Showing 1-5 of 51 (next | show all)
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» Add other authors (26 possible)

Author nameRoleType of authorWork?Status
Michael Crichtonprimary authorall editionsconfirmed
Miller, IanIllustratorsecondary authorsome editionsconfirmed
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Epigraph
"Praise not the day until evening has come; a woman until she is burnt; a sword until it is tried; a maiden until she is married; ice until it has been crossed; beer until it has been drunk."
- Viking Proverb

"Evil is of old date."
- Arab Proverb
Dedication
To William Howells
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The Ibn Fadlan manuscript represents the earliest known eyewitness account of Viking life and society.
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(Click to show. Warning: May contain spoilers.)
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Later reissued as The 13th Warrior
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Amazon.com Amazon.com Review (ISBN 0345354613, Mass Market Paperback)

Michael Crichton takes the listener on a one-thousand-year-old journey in his adventure novel Eaters Of The Dead. This remarkable true story originated from actual journal entries of an Arab man who traveled with a group of Vikings throughout northern Europe. In 922 A.D, Ibn Fadlan, a devout Muslim, left his home in Baghdad on a mission to the King of Saqaliba. During his journey, he meets various groups of "barbarians" who have poor hygiene and gorge themselves on food, alcohol and sex. For Fadlan, his new traveling companions are a far stretch from society in the sophisticated "City of Peace." The conservative and slightly critical man describes the Vikings as "tall as palm trees with florid and ruddy complexions." Fadlan is astonished by their lustful aggression and their apathy towards death. He witnesses everything from group orgies to violent funeral ceremonies. Despite the language and cultural barriers, Ibn Fadlan is welcomed into the clan. The leader of the group, Buliwyf (who can communicate in Latin) takes Fadlan under his wing.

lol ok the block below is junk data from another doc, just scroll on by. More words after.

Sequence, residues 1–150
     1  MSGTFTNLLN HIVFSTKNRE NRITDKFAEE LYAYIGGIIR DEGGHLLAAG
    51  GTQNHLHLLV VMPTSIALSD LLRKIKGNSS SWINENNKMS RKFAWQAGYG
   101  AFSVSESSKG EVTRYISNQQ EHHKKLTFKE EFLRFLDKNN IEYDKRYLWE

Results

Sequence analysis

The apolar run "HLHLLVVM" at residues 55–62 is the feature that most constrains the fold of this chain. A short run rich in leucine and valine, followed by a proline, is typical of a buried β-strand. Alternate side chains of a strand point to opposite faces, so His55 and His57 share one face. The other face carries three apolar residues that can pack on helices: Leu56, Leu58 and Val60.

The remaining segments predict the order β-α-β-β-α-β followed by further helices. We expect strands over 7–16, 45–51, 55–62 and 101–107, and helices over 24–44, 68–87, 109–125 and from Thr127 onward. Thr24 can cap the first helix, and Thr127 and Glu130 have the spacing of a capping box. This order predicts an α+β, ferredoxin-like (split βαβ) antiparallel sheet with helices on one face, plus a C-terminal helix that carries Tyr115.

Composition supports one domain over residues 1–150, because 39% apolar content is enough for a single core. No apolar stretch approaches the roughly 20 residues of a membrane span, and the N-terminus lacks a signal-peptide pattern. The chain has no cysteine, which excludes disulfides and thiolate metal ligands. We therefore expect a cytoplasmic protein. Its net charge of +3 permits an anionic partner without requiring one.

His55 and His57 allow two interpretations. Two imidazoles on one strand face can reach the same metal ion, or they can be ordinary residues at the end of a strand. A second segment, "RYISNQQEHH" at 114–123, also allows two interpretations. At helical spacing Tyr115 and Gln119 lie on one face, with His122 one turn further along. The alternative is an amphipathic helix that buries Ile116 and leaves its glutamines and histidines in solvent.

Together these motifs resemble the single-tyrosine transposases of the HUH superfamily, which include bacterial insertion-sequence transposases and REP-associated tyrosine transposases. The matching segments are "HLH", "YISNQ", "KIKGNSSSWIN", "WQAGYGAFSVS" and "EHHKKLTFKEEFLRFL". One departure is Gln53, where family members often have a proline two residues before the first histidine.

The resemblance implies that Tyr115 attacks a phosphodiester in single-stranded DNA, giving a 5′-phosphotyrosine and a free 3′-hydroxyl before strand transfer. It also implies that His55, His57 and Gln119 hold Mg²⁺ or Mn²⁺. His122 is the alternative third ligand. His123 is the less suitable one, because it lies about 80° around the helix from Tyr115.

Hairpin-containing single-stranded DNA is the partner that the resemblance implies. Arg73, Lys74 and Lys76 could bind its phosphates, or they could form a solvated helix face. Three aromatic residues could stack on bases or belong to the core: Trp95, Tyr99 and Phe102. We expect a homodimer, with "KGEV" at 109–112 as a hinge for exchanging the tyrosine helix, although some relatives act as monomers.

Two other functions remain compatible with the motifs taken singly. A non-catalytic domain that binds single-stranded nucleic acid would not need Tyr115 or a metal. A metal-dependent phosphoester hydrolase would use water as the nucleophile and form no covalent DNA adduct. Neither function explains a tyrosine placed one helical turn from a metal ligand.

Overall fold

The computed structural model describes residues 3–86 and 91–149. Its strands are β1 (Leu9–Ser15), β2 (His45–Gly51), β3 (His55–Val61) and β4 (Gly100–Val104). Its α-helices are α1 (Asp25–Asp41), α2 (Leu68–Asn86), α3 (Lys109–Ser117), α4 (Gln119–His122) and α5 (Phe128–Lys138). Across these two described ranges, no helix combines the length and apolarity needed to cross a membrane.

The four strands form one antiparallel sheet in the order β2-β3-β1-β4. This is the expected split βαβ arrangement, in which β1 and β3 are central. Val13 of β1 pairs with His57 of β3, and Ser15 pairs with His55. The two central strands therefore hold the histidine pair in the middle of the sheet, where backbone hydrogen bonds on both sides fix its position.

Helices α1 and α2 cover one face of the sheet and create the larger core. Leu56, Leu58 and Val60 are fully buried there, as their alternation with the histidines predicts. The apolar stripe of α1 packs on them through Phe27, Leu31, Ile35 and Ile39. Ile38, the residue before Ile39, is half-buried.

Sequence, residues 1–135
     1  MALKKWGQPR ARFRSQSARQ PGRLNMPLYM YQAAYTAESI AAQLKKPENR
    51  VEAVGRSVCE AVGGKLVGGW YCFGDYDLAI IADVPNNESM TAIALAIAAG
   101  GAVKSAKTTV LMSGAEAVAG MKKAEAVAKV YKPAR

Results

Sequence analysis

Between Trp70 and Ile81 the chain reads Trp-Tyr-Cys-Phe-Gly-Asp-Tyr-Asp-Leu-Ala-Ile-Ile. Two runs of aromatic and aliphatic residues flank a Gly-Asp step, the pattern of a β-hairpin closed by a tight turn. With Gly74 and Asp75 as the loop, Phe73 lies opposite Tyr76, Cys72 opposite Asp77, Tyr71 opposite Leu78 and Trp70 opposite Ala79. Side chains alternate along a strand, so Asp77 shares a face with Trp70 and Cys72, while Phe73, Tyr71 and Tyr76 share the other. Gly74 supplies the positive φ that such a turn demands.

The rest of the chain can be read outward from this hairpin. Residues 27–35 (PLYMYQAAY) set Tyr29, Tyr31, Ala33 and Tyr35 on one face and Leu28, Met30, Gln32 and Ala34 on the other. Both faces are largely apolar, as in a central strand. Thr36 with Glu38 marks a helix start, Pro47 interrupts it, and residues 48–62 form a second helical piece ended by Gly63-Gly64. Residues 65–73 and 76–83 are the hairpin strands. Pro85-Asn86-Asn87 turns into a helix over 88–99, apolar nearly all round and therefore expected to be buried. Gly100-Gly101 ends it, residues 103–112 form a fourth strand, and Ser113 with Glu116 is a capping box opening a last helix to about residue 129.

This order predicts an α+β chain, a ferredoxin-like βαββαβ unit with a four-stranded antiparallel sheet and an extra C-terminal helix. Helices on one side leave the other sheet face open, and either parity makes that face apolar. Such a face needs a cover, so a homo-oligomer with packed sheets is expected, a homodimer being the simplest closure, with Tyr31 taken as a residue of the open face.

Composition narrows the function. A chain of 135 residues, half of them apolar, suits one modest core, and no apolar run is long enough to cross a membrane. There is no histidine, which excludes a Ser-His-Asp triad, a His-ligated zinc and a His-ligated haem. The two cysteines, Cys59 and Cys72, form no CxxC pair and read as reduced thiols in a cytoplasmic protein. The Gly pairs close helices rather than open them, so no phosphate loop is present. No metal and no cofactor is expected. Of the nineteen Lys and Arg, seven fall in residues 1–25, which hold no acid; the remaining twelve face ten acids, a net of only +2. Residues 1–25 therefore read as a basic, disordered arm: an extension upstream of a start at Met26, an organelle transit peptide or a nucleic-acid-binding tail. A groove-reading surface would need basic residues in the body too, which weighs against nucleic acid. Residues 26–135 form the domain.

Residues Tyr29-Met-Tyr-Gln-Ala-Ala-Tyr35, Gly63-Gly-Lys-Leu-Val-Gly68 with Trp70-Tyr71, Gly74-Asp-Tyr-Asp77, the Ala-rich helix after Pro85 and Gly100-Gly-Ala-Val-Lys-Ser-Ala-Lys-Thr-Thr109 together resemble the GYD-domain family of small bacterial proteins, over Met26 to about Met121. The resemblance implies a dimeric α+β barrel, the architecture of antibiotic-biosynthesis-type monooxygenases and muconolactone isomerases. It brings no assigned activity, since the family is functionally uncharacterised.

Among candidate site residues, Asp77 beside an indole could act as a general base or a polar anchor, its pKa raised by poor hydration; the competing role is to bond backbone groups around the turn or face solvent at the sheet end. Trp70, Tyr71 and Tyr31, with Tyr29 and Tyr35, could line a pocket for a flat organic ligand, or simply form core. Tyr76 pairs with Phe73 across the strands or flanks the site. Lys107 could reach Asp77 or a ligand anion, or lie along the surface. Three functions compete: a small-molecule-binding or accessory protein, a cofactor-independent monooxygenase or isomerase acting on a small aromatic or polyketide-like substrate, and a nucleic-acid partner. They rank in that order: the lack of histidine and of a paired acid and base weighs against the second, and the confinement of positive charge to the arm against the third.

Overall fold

Without warning, the chieftain is ordered to haul his warriors back to Scandinavia to save his people from the "monsters of the mist." Ibn Fadlan follows the clan and must rise to the occasion in the battle of his life.--Gina Kaysen

(retrieved from Amazon Thu, 12 Mar 2015 18:13:05 -0400)

(see all 6 descriptions)

Now a major motion picture from Touchstone Films, starring Antonio Banderas. In the year A.D. 922, a refined Arab courtier, representative of the powerful Caliph of Baghdad, encounters a party of Viking warriors on their journey to the barbaric North. He is appalled by Viking customs--the wanton sexuality of their pale, angular women, their disregard for cleanliness, their cold-blooded human sacrifices. But only in the depths of the Northland does he learn the horrifying truth: he has been enlisted to combat a terror that comes under cover of night to slaughter the Vikings and devour their flesh.… (more)

(summary from another edition)